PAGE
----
Brain Prize for Optogenetics

11 March 2013


Professor Gero Miesenböck has been awarded ‘The Brain Prize’ for his pioneering work in optogenetics.

Miesenböck, Director of the Programme on Mind and Machine at the Oxford Martin School, was chosen for this prestigious international prize from the Grete Lundbeck European Brain Research Foundation “for the invention and refinement of optogenetics.”

“Optogenetics is a form of wireless communication in which nerve cells in the brain are programmed genetically so that you can control their electrical activity with an optical remote control,” explains Miesenböck.

The technique enhances understanding of how living nerve cells work and of how the brain controls behaviour, providing opportunities for basic research as well as holding practical benefits.

Miesenböck was the first scientist who modified nerve cells genetically to produce light-responsive pigments. By shining light on the pigment-producing cells he caused them to become electrically active. The function of the nerve cells could thus be influenced remotely, using flashes of light instead of direct electrical connections. Miesenböck was also the first to use the technique of optogenetics to remote-control the behaviour of an animal, which he had bred to contain light-sensitive nerve cells in its brain.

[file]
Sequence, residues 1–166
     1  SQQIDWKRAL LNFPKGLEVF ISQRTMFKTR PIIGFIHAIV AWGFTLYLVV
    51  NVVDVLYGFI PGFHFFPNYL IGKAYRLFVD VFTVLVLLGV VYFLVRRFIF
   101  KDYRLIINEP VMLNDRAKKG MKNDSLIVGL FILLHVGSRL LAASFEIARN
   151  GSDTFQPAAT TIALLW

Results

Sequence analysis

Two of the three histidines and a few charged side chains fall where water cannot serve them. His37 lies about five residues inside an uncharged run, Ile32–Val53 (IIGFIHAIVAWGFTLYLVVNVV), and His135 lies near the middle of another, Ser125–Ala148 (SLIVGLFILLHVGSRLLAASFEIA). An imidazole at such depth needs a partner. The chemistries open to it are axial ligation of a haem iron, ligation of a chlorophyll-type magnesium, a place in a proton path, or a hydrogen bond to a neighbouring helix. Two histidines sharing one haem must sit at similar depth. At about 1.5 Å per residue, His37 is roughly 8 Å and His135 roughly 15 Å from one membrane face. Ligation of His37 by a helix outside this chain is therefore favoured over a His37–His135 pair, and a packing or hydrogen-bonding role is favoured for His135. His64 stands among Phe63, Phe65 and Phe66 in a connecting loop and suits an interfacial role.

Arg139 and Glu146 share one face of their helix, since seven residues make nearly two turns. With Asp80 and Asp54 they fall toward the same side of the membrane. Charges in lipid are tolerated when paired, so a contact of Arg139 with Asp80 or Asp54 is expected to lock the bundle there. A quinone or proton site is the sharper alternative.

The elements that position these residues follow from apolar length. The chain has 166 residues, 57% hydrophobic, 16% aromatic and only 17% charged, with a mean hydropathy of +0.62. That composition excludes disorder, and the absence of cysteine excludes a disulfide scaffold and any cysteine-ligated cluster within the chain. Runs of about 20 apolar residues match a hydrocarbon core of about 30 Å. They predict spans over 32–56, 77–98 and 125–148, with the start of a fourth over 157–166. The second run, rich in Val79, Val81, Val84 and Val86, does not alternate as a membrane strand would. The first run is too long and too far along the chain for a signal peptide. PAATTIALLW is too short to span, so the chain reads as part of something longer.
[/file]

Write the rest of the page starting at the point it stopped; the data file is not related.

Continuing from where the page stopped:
Miesenböck shares the €1 million award with five other scientists: Ernst Bamberg of the Max-Planck Institute for Biophysics, Edward Boyden of the Massachusetts Institute of Technology, Karl Deisseroth of Stanford University, Peter Hegemann of Humboldt University, and Georg Nagel of the University of Würzburg. Boyden and Deisseroth refined optogenetics by swapping the light-responsive molecule originally used by Miesenböck for a different photopigment, which had been discovered and characterised in the interim by Bamberg, Hegemann, and Nagel.

The Brain Prize is endowed by the Copenhagen-based Grete Lundbeck European Brain Research Foundation. The prize will be awarded by HRH Frederik, The Crown Prince of Denmark, in a ceremony on May 2nd, 2013.

The Selection Committee, comprising an international jury of distinguished scientists, commented: “This revolutionary technique allows genetically specified populations of neurons to be turned on or off with light, offering not only the ability to elucidate the characteristics of normal and abnormal neural circuitry, but also new approaches to treatment of brain disorders.”

Miesenböck said: “I knew from our first successful experiment that this could go very far, but the speed with which the idea has been adopted and developed has nevertheless been astonishing. Every other grant application in neuroscience now has an element of optogenetics in it.”

The Brain Prize 2013 is the second major international accolade which Gero Miesenböck has received in the past year. In April 2012 he was awarded Belgium’s top science prize, the InBev-Baillet Latour International Health Prize, also for the invention of optogenetics.

Professor Miesenböck is Director of The Centre for Neural Circuits and Behaviour (CNCB), an autonomous research centre within the University of Oxford. The CNCB is supported by a Strategic Award from the Wellcome Trust and the Gatsby Charitable Foundation. It also houses part of the Oxford Martin School’s Programme on Mind and Machine.